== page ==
The 2021 survey continues the Marine Institute’s Winter Nutrients monitoring that commenced in 1990/91.
The survey has evolved and expanded during this time period with respect to target areas, parameters and sampling strategy. In 2011 this survey was reestablished as a winter environmental survey with a broader remit to provide supporting information for OSPAR and Water Framework Directive (WFD- Directive 2000/60/EC) assessments and also to maintain the winter time series on key biogeochemical parameters in Irish waters in response to pressures such as land based inputs of nutrients and climate change.
Since 2011 the survey circumnavigates the Island of Ireland every two years, alternating southabout and northabout, starting in the Irish Sea and ending in Galway. This provides a complete coverage of Irelands coastal waters over 2 year periods.
However, given the timing of the surveys, winter by necessity to ensure minimal biological activity and therefore highest concentrations of dissolved nutrients, the weather is a significant factor in determining the actual as opposed to planned coverage of the target stations.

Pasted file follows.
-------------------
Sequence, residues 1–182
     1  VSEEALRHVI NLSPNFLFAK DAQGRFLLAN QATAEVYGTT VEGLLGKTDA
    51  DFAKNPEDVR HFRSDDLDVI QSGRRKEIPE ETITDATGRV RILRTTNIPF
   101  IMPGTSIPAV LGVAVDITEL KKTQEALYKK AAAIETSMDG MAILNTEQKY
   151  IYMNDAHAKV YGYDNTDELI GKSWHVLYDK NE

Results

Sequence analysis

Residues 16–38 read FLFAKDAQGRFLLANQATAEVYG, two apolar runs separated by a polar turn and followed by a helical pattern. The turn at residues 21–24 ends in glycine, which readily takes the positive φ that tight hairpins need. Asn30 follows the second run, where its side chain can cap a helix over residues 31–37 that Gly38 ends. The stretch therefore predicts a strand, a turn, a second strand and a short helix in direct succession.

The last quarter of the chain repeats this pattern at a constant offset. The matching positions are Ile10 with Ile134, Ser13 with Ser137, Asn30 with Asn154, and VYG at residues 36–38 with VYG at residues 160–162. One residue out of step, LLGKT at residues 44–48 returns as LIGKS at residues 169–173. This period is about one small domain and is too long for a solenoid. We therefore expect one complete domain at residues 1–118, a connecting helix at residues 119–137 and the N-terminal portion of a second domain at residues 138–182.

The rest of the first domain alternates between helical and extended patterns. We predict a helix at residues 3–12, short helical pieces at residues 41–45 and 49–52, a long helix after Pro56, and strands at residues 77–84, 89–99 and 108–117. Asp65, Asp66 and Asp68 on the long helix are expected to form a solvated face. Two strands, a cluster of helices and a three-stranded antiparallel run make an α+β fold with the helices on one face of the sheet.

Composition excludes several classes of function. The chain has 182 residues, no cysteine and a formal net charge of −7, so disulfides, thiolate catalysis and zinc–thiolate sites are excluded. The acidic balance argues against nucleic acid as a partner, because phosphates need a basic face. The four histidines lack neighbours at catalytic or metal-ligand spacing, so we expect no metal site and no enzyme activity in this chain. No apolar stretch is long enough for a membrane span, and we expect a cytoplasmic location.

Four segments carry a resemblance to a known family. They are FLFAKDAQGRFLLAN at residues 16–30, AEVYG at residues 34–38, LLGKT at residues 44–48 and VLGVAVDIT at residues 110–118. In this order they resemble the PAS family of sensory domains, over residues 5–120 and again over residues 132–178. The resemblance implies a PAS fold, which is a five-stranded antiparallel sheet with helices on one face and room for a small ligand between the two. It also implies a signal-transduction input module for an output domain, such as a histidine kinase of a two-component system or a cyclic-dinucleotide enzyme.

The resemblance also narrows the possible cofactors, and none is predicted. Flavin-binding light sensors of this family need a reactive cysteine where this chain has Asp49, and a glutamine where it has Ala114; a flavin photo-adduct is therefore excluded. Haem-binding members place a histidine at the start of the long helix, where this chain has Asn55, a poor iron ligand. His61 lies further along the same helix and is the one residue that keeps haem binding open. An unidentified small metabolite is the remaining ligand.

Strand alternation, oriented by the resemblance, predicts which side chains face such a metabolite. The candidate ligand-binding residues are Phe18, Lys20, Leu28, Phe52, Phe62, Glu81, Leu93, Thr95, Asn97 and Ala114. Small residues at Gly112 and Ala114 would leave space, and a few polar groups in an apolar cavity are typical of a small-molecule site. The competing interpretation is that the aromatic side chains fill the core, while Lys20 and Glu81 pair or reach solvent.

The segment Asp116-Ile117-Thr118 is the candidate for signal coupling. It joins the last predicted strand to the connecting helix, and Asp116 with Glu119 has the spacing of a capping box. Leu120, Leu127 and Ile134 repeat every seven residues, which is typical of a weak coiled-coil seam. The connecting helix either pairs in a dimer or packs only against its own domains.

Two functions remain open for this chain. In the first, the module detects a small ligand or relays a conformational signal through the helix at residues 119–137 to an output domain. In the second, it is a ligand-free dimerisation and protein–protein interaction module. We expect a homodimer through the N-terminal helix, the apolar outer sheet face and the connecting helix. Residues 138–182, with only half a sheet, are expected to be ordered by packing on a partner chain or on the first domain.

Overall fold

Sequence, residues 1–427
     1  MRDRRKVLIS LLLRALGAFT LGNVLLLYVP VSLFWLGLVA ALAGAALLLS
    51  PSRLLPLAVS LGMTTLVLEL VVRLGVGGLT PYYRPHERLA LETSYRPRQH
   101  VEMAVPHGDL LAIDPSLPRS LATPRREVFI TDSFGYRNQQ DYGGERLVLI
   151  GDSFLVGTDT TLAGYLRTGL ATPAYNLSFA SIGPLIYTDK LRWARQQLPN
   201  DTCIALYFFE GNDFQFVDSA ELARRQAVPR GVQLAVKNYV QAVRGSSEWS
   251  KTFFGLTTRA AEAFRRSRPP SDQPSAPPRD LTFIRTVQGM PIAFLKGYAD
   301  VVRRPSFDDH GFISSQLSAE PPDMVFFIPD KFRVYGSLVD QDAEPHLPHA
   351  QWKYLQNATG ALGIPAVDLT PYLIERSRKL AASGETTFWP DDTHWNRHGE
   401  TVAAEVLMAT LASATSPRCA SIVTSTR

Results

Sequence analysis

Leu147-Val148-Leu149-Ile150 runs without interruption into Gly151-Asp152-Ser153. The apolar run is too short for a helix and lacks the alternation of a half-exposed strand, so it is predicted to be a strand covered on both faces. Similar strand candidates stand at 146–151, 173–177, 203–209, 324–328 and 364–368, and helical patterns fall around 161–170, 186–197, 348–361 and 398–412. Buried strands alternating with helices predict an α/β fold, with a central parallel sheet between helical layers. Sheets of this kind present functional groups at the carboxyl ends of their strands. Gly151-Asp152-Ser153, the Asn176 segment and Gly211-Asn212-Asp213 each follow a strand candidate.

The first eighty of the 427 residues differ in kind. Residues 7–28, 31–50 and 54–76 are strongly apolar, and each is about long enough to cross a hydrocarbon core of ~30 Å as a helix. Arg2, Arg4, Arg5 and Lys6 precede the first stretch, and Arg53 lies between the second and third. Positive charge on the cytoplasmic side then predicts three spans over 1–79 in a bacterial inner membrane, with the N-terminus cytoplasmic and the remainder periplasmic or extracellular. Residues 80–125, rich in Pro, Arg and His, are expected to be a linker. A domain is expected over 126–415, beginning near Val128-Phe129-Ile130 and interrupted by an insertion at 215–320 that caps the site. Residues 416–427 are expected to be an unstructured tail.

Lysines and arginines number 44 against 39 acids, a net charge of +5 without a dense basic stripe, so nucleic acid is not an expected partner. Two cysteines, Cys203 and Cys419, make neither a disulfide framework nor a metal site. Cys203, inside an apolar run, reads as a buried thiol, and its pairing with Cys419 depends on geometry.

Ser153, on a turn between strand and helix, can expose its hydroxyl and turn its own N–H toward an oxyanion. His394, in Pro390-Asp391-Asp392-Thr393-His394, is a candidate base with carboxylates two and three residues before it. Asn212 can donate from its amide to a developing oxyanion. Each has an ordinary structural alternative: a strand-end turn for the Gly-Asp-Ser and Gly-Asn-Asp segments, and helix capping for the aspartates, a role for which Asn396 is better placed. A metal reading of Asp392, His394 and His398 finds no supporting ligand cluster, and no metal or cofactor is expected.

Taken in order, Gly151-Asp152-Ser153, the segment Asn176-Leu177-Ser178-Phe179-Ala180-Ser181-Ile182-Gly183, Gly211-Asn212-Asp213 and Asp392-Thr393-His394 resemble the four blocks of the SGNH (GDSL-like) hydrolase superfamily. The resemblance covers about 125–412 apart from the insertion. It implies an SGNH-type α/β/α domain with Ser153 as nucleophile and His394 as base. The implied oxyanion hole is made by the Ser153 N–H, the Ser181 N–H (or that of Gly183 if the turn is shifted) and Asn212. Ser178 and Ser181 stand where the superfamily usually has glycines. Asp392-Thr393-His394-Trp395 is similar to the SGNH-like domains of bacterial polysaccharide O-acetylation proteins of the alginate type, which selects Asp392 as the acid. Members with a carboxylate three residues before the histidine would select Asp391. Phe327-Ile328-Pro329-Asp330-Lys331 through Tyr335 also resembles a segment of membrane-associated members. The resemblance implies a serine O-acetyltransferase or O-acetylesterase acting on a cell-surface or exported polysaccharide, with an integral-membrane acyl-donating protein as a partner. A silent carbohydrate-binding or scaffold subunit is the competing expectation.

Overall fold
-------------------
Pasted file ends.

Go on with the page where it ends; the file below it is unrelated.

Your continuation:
This work is complementary to inshore water quality monitoring activities of the Irish Environmental Protection Agency and Marine Institute and the annual offshore oceanographic survey/climate section (53N/Rockall Trough) on the RV Celtic Explorer led by the Oceans Climate and Information Services group at the Marine Institute.
The 2021 survey was designed to collect multidisciplinary information on physical conditions, water chemistry (dissolved nutrients, total alkalinity (TA), dissolved inorganic carbon (DIC) and salinity), sediment chemistry (persistent organic pollutants POPs and trace metals), sediment particle size distribution and benthic macroinvertebrates (at targeted waterbodies around the coast).
This contributes to data collection needs of various statutory drivers (WFD and the Marine Strategy Framework Directive (MSFD) Directive 2008/56/EC) as well as providing a research dataset on status and changing conditions (trends and variations) for key environmental variables.
As a result of the COVID pandemic, operational adjustments were implemented such that scientific complement on-board was limited to 2-3 persons at any one time.
In light of this, the survey plan was adjusted to allow the survey to be completed in two legs. 1. Leg 1 – Galway – Dublin: benthic macro-invertebrate sampling 2. Leg 2 – Dublin – Galway: winter nutrient, carbon and contaminants sampling. In order to achieve this plan, the number of survey days was increased to 16.